Study Design Analytical Observational Studies
Analytical Observational Studies The purpose of an analytic study in epidemiology is to identify and quantify the relationship between an exposure and a health outcome. The hallmark of such a study is the presence of at least two groups, one of which serves as a comparison group.
Analytical Observational Studies Observational studies are those in which individuals are observed and their outcomes are measured by the investigators. Interventional studies are those in which the research subjects are assigned by the investigator to a treatment or other intervention, and their outcomes are measured.
Analytical Observational Studies • Analytical observational studies can be of three types, depending on the time sequence and sampling procedures used to collect data.
Time is Key • The Cohort (Prospective) design measures exposure in the present and the disease in the future. The Case-Control (Retrospective) design measures the disease in the present and looks backwards for exposure history. The simplest is the Cross-Sectional (Prevalence) design which is conducted completely at present. From: Miller School of Medicine, University of Miami http: //hihg. med. miami. edu/code/http/modules/education/Design/Print. asp? Course. Num=4&Lesson. Num=4
Cross-Sectional Study • Cross-Sectional studies can be descriptive or analytical. • In analytical cross-sectional studies, data on the prevalence of both exposure and a health outcome are obtained for the purpose of comparing health outcome differences between exposed and unexposed.
Cross-Sectional Study • Analytical studies attempt to describe the prevalence of, for example, disease or nondisease by first beginning with a population base. • These studies differ from solely descriptive cross-sectional studies in that they compare the proportion of exposed persons who are diseased with the proportion of non-exposed persons who are diseased.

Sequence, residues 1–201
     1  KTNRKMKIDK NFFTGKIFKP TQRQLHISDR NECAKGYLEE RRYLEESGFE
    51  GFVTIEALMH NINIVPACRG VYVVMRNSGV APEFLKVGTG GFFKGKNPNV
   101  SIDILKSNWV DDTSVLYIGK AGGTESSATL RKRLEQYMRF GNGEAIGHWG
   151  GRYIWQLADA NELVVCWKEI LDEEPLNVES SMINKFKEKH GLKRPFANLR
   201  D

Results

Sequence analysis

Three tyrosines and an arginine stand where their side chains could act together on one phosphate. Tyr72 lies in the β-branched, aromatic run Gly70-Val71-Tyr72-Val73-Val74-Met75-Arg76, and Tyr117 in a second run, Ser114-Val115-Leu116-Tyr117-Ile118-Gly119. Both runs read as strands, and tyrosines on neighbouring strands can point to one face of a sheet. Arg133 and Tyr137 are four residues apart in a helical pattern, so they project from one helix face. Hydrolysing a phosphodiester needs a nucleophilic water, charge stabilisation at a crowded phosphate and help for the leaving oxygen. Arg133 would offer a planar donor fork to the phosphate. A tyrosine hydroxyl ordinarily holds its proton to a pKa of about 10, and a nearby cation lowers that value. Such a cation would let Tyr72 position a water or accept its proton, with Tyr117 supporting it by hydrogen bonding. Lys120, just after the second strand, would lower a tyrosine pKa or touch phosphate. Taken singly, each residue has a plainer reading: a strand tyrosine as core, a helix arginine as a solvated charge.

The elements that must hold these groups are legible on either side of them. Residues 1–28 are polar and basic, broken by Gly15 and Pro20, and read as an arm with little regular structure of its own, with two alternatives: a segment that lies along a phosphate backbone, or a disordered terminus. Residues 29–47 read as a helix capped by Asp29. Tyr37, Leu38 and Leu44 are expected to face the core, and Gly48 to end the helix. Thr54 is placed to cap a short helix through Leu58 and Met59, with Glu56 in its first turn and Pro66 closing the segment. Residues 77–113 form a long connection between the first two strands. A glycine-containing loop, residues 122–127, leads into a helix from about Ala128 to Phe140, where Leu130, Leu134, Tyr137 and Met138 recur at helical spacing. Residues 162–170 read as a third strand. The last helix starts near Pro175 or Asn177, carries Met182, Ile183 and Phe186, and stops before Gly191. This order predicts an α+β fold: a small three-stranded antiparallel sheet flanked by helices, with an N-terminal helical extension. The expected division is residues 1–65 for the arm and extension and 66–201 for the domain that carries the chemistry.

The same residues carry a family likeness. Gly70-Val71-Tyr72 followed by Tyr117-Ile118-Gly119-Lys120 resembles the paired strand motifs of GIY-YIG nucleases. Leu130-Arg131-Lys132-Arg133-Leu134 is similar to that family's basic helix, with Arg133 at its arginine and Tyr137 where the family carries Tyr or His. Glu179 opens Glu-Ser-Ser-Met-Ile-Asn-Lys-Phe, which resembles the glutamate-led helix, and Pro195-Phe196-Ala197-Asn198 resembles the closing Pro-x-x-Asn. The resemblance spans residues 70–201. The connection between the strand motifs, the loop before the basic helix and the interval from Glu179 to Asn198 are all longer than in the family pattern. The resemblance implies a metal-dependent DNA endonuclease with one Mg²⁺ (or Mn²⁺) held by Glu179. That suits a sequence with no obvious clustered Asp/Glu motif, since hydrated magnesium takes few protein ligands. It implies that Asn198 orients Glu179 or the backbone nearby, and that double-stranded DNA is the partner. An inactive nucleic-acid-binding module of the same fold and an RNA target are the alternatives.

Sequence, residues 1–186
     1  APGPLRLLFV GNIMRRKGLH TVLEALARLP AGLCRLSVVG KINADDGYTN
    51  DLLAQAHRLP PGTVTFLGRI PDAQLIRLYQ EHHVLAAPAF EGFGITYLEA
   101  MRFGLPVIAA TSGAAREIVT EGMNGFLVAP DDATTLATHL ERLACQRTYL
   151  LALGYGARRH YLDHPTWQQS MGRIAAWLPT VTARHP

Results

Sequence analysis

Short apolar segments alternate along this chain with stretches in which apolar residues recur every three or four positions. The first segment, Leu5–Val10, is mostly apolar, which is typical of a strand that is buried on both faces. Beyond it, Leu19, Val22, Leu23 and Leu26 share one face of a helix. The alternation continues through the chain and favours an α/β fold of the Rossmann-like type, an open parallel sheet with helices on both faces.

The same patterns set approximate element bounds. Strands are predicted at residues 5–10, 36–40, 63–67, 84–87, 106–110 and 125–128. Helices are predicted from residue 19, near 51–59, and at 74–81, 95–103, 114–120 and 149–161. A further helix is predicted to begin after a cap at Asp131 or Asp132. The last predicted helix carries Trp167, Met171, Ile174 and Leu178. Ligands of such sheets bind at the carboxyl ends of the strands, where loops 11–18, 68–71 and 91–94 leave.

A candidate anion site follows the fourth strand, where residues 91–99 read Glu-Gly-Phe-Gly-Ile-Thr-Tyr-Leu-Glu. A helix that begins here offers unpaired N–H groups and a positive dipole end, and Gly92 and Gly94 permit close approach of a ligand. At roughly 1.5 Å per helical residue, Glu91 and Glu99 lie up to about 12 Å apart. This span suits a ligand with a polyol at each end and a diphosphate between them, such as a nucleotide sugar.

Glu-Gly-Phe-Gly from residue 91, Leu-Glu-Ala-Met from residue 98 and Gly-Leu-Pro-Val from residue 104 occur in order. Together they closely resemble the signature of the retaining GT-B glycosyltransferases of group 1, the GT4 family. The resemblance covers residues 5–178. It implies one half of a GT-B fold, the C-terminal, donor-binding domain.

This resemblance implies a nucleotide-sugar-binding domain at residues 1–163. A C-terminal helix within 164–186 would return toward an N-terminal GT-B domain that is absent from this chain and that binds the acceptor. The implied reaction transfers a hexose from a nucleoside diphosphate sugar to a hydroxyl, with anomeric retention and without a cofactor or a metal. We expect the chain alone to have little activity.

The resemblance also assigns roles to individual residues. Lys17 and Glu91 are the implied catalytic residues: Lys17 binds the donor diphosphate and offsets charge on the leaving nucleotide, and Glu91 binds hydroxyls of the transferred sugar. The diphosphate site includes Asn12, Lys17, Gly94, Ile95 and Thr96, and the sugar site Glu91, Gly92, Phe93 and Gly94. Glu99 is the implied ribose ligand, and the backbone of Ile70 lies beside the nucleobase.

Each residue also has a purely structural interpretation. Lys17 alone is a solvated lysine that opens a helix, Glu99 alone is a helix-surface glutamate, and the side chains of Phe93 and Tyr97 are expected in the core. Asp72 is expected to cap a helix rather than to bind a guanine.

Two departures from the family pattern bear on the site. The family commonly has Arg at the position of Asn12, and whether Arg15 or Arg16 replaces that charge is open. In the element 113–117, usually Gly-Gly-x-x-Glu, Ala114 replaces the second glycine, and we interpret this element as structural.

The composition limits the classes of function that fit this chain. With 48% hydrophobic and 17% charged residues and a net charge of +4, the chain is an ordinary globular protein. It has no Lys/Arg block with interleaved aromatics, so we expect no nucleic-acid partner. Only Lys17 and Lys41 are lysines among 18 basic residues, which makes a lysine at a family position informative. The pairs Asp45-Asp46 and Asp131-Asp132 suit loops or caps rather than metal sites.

Cross-Sectional Study From: Cross-Sectional Study, http: //www. hsrmethods. org
Case Control Study • Are studies in which patients who already have a specific condition are compared with people who do not have the condition. The researcher looks back to identify factors or exposures that might be associated with the illness.
Case Control Study • They often rely on medical records and patient recall for data collection. These types of studies are often less reliable than randomized controlled trials and cohort studies because showing a statistical relationship does not mean that one factor necessarily caused the other.
Case Control Study • For example, 50 people in Chatham County come to the hospital and are found to have Type 2 Diabetes. 44 of them live in downtown Savannah. You conclude that living in downtown Savannah causes Type 2 Diabetes.
Case-Control Study From: Prehospital Research Support site, http: //prehospitalresearch. eu/? p=1961
Cohort Study • Cohort Studies take a large population and follow patients who have a specific condition or receive a particular treatment over time and compare them with another group that has not been affected by the condition or treatment being studied.